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Charleston Reading Circle shares book reviews, names new officers

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CHARLESTON — The Charleston Reading Circle recently elected new officers for the 2021-2022 program year.

Christine Merllie-Young will serve as president, Carolyn Stephens as vice president, Mary Jorstad as secretary, and Donna Karbassioon as treasurer. The new program chair of the Executive Committee is Maria Fichter-Wandling.

The Reading Circle has concluded the current year and will resume meeting next fall. Final book reviews were presented by Paula McNitt, Kathy Wright, and Sallie Cougill.

The book selected by Paula McNitt was titled “Working” by Robert Caro, his sixth book. This book focuses on Caro’s experiences researching and writing about Robert Moses and Lyndon Baines Johnson.

His writing illuminates how Moses and LBJ acquired, maintained and used political power, and how their exercise of power changed the lives of millions, for better and for worse. Caro describes how he extensively perused documents and interviewed numerous informants for his biographies. He sought to reveal a deeper understanding of Moses and LBJ, often conflicting with conventional portrayals of the men.

Kathy Wright reviewed “Trevor Noah Born a Crime,” a comedic autobiographical story published in 2016. The book chronicles Trevor Noah’s childhood and young adult life growing up in Africa. Noah’s memories focus heavily on the effects of South Africa apartheid and his experiences as a child of a South African black mother and a white father, which during apartheid, was a crime.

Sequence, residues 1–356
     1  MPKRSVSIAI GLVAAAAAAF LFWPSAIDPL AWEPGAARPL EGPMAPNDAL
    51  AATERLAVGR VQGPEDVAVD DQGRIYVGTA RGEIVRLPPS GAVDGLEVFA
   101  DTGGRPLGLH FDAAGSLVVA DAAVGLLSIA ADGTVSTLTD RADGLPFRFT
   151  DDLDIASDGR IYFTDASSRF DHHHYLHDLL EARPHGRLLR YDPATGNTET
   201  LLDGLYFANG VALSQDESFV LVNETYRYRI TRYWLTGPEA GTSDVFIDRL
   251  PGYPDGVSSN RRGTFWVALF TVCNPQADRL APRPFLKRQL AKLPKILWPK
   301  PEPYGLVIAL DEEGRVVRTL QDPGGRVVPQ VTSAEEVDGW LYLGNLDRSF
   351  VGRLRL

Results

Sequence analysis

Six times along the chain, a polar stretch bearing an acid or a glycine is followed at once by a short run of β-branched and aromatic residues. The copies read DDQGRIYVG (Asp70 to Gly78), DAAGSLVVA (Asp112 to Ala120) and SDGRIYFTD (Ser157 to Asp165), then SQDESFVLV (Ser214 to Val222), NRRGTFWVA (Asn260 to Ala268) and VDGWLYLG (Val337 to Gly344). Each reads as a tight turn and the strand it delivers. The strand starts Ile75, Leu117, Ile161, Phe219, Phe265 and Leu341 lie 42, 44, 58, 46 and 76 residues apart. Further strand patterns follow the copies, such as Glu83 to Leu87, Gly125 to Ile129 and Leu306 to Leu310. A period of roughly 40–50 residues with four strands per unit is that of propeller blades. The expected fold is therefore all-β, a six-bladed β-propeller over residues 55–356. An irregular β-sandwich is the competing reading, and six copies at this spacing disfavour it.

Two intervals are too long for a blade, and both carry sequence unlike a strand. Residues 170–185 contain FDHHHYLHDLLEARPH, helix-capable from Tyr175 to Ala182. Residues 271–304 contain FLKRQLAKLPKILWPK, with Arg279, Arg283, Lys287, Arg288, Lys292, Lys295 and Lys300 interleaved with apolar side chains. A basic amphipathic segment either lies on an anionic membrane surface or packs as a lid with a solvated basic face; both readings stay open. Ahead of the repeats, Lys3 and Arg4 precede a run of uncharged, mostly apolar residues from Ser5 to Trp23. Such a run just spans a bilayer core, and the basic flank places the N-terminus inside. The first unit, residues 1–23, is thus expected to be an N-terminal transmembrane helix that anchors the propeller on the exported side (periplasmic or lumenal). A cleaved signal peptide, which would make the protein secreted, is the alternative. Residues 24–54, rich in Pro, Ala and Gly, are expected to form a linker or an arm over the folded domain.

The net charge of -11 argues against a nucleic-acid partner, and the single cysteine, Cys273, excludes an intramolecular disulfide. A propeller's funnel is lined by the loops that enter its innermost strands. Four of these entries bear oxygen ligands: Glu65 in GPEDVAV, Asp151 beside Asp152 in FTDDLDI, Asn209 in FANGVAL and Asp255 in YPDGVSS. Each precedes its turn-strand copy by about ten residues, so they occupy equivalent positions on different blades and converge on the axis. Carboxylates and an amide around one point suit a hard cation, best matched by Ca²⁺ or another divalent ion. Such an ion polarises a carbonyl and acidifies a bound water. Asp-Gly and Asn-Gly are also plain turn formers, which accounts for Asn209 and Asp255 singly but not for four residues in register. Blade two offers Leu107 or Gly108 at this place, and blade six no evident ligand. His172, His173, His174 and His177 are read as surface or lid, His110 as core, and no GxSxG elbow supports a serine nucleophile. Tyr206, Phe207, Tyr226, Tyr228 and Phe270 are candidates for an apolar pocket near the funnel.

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Noah shares how his mixed race caused him to struggle to fit in with any peer group. He shares many stories, some very humorous, how being considered either too white or too black caused major conflict during his life growing up.

“Walter Reed: Doctor in Uniform” by L.N. Wood was reviewed by Sallie Cougill. This is the compelling story of a heroic and brilliant doctor who saved thousands of lives with his research of yellow fever. America had been plagued with yellow fever from about 1647 until 1902 when Dr. Walter Reed confirmed that the disease was transmitted by the bite of a specific female mosquito.

Born in 1851, Reed was a bright student, admitted to the university at age 16, and after only two years, passed the medical exam. He became an expert in the study of pathology and bacteriology.

This book describes Reed’s years in the Army, his numerous medical positions, his lab research and teaching. It also tells of his married family life, which included an adopted Native American child who had been badly burned and left to die until saved by Reed.

A brilliant modest doctor, Reed was loved and respected by his patients, students and peers. He died at the age of 51 and in 1909 the newly built Army Walter Reed Medical Center was named in his honor.

Using the Zoom format this year, the Reading Circle was able to maintain its historical significance as Charleston’s longest continuously meeting women’s organization. Additional information about the Reading Circle can be obtained from Judy James 217-345-4855.


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